Niall Kishtainy— A spectre is haunting Europe – the spectre of communism.’ This is the first line of The Communist Manifesto, which was written in the middle of the nineteenth century and is perhaps the most famous political pamphlet ever. The spectre – something scary and menacing – was the threat to
Tamim Bayoumi— US financial reformers faced a fundamentally different issue from those in Europe. Banks in Europe were under a flawed single system. The issues in the United States, on the other hand, centered on the dual nature of the pre-crisis banking system that contained a relatively tightly regulated core and
The “economy” has practically become a dirty word now. It’s usually the answer to the question, “What issue concerns Americans the most?” and has led to frantic searches for explanations. Whatever the “real” cause, one of the major scapegoats for the “Great Crisis,” as Gary Clyde Hufbauer and Kati Suominen call it, is globalization. In their book Globalization at Risk: Challenges to Finance and Trade, they argue that while globalization had a role in creating our current situation, we don’t have to send the Navy SEALs after it.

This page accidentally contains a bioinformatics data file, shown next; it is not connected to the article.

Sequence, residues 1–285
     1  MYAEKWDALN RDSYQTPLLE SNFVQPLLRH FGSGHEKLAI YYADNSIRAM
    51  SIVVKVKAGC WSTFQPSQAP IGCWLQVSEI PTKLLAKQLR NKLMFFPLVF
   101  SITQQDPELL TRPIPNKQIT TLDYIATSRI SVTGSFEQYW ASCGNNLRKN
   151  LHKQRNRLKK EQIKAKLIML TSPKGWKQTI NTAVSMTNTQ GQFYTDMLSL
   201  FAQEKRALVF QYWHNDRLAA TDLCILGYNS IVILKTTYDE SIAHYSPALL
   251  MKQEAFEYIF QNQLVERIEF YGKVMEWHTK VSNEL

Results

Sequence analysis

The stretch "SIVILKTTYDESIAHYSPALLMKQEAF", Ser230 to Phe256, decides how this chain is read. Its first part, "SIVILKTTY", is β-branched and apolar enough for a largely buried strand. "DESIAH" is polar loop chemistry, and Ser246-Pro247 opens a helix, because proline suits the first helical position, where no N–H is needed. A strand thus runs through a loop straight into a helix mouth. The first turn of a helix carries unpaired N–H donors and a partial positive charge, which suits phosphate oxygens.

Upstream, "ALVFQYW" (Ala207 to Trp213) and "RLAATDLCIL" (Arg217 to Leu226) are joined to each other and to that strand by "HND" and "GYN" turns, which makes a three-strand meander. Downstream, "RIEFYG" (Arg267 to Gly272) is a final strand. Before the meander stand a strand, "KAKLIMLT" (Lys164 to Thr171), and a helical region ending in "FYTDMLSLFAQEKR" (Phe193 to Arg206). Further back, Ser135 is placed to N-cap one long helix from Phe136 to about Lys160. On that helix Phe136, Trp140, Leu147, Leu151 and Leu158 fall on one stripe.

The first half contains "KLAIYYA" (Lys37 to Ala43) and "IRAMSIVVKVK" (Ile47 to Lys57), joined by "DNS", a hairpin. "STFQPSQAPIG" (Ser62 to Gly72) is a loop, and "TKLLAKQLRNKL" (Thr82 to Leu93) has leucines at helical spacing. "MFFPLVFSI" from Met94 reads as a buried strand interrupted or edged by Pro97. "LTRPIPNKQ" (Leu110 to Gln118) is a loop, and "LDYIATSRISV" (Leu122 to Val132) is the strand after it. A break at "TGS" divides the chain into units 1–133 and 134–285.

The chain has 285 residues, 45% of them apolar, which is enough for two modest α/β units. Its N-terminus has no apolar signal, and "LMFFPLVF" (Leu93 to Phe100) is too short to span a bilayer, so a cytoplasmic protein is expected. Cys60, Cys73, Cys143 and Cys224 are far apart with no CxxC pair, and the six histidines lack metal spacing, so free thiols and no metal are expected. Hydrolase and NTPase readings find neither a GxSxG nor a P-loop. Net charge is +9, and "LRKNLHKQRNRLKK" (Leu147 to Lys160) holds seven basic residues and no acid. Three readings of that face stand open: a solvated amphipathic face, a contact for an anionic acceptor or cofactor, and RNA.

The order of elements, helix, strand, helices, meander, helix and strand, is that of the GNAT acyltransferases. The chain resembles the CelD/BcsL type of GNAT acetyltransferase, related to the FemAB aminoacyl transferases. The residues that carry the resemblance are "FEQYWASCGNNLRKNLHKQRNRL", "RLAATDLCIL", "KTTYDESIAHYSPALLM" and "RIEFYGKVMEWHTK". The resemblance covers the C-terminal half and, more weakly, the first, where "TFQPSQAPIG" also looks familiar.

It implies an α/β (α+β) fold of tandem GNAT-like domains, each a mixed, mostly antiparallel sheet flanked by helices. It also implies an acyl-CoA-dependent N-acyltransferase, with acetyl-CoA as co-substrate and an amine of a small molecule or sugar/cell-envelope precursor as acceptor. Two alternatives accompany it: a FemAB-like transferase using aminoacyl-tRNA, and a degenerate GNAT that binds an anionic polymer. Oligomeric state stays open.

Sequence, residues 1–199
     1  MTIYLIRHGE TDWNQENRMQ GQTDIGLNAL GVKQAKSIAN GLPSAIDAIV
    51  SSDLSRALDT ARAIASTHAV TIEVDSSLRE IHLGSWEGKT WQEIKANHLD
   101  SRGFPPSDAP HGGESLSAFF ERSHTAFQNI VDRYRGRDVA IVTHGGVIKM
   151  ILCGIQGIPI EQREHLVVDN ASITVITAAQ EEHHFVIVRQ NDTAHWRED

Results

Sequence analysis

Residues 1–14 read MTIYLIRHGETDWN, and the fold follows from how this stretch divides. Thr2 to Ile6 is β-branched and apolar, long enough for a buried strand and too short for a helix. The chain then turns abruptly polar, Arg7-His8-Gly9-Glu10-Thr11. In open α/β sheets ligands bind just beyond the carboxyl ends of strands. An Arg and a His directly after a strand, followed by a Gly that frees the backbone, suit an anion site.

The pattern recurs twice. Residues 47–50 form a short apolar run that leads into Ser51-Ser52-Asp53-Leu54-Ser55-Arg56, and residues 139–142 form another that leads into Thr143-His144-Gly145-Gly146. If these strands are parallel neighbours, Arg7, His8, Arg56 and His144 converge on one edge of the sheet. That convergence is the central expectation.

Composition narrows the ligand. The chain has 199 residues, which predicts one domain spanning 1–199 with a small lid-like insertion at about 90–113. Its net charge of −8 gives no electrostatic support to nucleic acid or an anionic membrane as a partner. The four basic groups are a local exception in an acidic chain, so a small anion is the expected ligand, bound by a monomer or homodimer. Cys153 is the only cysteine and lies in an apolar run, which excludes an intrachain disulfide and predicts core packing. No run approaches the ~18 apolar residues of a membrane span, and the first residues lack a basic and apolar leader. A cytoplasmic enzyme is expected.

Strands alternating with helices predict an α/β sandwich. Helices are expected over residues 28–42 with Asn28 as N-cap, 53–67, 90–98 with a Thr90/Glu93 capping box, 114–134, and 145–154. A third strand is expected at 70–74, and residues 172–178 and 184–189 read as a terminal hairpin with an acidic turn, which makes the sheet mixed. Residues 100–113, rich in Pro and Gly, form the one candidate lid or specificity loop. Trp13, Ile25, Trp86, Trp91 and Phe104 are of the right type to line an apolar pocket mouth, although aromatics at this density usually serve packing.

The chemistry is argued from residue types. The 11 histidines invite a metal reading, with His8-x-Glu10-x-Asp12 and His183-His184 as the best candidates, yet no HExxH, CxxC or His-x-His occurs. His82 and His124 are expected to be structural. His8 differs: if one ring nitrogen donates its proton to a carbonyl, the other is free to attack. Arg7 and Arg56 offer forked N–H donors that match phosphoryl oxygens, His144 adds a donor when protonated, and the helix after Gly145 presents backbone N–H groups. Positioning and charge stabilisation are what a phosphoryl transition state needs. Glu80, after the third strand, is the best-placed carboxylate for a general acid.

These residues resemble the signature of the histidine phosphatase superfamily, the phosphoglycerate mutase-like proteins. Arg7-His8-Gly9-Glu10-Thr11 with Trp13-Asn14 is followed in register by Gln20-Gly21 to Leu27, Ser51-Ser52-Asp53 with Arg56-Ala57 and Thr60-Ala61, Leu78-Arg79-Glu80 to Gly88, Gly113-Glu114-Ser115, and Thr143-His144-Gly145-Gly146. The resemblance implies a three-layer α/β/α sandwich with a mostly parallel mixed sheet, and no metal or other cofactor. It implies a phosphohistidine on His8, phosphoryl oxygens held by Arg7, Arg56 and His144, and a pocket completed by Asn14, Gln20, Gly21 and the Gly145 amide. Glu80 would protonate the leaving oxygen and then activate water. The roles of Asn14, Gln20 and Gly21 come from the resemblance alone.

U.S. Governors and top environmental officials will meet tomorrow here at Yale University to exchange ideas on how states and the federal government can combat global warming and develop a strategy for future action. The gathering, organized in part by Yale Press author Gus Speth, will also celebrate the centennial
Episode 13 of the Yale Press Podcast is now available. Download Episode 13 In Episode 13, Chris Gondek speaks with (1) Richard Sennett, winner of the 2006 Hegel Prize for lifetime achievement in the humanities and social sciences, about the art of craftsmanship; and (2) Gus Speth, dean of the